The problems that can arise are two: first a water shut off to the cooling pond that generates increasing amounts of RFG levels that are directed into the containment dome, ergo the Chernobyl test, and second the full core meltdown of the reactor itself generating a tremendous release of RFGs and if the plant does a Chernobyl, smoke and ash fallout as well.

Please understand all sources say there are no Soviet designed reactors in North America and that type of event cannot happen here. To the first part, they are correct, but to the second – I leave that debate up to the techies . The Three Mile Island problem appears to have been a low level “venting” of harmful RFGs, but I have not studied that event in detail.

So, for purposes of this discussion, I am bounding the problem set to situations far from normal i.e solar flare EMP, super volcanic eruption, asteroid deep impact, mega shift of the New Madrid fault – choose your demon - or other minor events already experienced in human history; but happening far enough apart that present generations have no collective memory of them.

Events that most likely would force, some more quickly than others, the workers at North American nuclear reactors to flee their posts regardless of consequences. A fact, I believe, that is all too often left out of personal disaster response planning .

Note here I said reactors and not power stations. This is important for it is easy to focus on the big cooling towers and ignore the smaller types at universities and research facilities across the land. Granted, they are not large in number, but if abandoned to their own devices can produce small localized events when combined with the total mix, are no small factor to deal with.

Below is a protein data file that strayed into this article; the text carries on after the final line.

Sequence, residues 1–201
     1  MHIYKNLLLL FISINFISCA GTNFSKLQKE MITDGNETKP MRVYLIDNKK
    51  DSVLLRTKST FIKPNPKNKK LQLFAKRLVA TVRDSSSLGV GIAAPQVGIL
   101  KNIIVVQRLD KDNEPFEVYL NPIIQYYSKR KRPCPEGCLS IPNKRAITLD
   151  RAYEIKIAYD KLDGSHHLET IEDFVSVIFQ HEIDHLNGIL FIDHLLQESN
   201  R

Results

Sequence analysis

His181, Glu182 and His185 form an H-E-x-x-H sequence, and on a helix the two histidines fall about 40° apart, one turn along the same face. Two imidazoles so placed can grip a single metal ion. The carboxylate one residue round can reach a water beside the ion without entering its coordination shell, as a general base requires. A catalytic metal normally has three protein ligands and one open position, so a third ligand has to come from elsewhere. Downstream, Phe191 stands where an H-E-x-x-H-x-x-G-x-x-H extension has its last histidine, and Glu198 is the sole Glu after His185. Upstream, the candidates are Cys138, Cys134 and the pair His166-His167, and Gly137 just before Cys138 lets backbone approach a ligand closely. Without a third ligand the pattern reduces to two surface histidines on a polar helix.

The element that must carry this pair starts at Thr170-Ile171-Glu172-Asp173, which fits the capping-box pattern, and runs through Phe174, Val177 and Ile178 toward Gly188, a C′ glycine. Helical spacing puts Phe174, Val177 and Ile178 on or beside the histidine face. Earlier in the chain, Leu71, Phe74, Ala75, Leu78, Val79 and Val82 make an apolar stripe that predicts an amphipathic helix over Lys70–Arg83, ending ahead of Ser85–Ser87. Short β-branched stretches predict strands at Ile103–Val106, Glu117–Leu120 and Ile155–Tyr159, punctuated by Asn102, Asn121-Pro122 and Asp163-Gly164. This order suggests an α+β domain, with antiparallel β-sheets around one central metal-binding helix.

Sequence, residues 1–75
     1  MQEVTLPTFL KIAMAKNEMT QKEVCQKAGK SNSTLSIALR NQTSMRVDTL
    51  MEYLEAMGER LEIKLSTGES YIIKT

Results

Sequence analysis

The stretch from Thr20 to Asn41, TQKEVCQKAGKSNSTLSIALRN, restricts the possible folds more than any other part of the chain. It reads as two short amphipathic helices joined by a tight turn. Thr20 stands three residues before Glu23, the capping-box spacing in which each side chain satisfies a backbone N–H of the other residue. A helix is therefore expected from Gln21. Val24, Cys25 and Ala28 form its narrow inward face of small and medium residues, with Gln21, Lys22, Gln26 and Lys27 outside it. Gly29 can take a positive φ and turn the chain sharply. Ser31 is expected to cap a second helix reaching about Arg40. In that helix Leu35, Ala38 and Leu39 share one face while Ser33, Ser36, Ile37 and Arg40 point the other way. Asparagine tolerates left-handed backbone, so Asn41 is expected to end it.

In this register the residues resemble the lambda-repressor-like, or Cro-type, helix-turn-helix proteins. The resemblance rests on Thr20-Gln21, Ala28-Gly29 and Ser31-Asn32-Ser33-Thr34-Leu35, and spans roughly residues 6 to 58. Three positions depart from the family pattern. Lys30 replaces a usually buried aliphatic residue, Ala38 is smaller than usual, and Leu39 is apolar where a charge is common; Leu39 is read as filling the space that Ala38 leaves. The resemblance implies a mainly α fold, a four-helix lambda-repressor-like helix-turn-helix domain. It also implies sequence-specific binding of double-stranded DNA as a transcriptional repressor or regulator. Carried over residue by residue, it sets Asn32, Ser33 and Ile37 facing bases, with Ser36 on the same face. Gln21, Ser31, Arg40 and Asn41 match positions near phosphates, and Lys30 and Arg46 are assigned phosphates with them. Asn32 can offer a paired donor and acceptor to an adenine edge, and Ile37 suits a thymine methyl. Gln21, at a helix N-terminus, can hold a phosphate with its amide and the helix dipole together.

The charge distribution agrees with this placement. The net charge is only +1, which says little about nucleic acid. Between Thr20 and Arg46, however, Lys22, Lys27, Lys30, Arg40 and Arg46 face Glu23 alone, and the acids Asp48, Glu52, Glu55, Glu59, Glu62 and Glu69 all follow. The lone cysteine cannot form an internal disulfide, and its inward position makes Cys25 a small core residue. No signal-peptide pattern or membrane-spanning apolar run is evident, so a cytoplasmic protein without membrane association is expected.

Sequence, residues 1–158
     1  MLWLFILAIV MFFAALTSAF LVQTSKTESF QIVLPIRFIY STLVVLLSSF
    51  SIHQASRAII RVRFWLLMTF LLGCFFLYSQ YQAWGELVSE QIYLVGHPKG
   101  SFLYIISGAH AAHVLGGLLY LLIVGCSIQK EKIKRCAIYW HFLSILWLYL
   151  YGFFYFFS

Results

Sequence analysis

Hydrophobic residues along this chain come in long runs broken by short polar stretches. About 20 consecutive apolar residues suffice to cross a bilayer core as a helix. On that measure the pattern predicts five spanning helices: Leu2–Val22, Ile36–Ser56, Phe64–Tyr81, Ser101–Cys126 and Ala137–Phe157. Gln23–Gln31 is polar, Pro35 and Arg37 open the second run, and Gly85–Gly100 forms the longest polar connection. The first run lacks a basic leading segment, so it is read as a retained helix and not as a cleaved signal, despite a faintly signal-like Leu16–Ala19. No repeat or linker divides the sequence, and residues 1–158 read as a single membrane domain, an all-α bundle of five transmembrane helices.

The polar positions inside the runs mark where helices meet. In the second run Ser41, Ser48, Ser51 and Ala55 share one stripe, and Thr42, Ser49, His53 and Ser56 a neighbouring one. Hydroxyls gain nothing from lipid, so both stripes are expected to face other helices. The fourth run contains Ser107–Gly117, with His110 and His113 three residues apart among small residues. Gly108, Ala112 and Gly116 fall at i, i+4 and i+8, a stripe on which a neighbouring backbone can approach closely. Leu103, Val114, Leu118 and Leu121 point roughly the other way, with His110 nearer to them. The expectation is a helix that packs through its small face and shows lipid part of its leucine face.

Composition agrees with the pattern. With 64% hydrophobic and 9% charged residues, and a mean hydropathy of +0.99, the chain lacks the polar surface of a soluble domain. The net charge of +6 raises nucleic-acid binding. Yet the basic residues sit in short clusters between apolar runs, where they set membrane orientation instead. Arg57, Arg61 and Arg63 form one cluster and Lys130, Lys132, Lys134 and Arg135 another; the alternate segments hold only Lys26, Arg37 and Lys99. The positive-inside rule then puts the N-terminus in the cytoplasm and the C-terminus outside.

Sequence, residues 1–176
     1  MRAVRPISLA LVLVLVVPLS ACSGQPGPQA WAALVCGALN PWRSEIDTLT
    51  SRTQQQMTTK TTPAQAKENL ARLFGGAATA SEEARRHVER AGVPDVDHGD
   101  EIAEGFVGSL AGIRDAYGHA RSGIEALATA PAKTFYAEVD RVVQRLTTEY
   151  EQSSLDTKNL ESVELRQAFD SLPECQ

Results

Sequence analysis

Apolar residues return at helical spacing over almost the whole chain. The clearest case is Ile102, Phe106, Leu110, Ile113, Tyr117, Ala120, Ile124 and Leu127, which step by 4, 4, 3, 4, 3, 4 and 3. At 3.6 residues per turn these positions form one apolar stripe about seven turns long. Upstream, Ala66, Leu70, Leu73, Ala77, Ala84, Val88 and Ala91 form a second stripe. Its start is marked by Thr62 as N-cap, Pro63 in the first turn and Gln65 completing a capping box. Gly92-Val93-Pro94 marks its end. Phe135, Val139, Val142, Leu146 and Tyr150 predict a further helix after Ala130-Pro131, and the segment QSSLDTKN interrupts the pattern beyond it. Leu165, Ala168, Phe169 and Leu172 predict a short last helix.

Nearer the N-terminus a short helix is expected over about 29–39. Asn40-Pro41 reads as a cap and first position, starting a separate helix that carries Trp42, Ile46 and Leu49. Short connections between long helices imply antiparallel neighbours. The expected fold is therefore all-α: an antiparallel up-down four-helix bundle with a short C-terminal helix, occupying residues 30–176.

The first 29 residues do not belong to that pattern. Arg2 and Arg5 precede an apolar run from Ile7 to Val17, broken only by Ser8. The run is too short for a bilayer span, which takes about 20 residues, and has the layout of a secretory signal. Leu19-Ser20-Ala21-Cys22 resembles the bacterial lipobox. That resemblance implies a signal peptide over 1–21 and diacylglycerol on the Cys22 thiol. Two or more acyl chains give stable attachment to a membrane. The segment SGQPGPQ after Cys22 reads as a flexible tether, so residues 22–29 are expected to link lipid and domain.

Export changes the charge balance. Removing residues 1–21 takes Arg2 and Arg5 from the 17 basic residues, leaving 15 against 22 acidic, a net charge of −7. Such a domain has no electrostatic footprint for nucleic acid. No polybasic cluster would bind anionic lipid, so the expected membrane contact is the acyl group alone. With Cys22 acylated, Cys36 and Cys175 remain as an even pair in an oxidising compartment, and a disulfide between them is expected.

That said, I would also suggest considering the result had a major reactor been located in the Orleans stew pot when the levees failed. It does not take a civilization ending disaster to generate an extreme RFG event in America, just the right set of circumstances.
The last of my non-sourced information is this. When I first underwent training in a response team for a major RFG release, we were provided three specialized devices – an extremely modified Geiger Mueller Device (GMD), a High Volume Air Sampler (HVAS), and a Darth Vader looking mask. Our mission was pretty simple, get in your personal vehicle (I had a brand new 1978 Ford Bronco) and use the GMD to physically track the edge of the RFG plume as it flowed across the land.
In a pre-Chernobyl world the plume was considered heavier than air and its path could be predicted by terrain and local weather analysis. Heh, were the techies ever wrong on that one. At select points and locations, we would stop, lower the HVAS to the ground letting it draw air through it, then retrieve to extract the filter into special container, replace new filter, and on to the next site.

Yes, all this was simulated and conducted at night to not upset civilians at their breakfast. Oh, they did tell us if we ever once got inside the plume in a real world event to forget everything else and drive like hell itself was on our arse until out of the area. At which point, we had to return to decon station for ourselves and POV. The reason being simple – our mask filters in a high contamination environment, would only last five minutes before reaching saturation ergo end game.

Someone please remind me I have a funny story to tell from the first of these drills. One showing the outright stupidity of things.

OK, that’s my best short take. Here’s the few sources I have, please understand a web search using multiples of the terms involved will produce the equivalent of a multiple techie PhDs on the subject.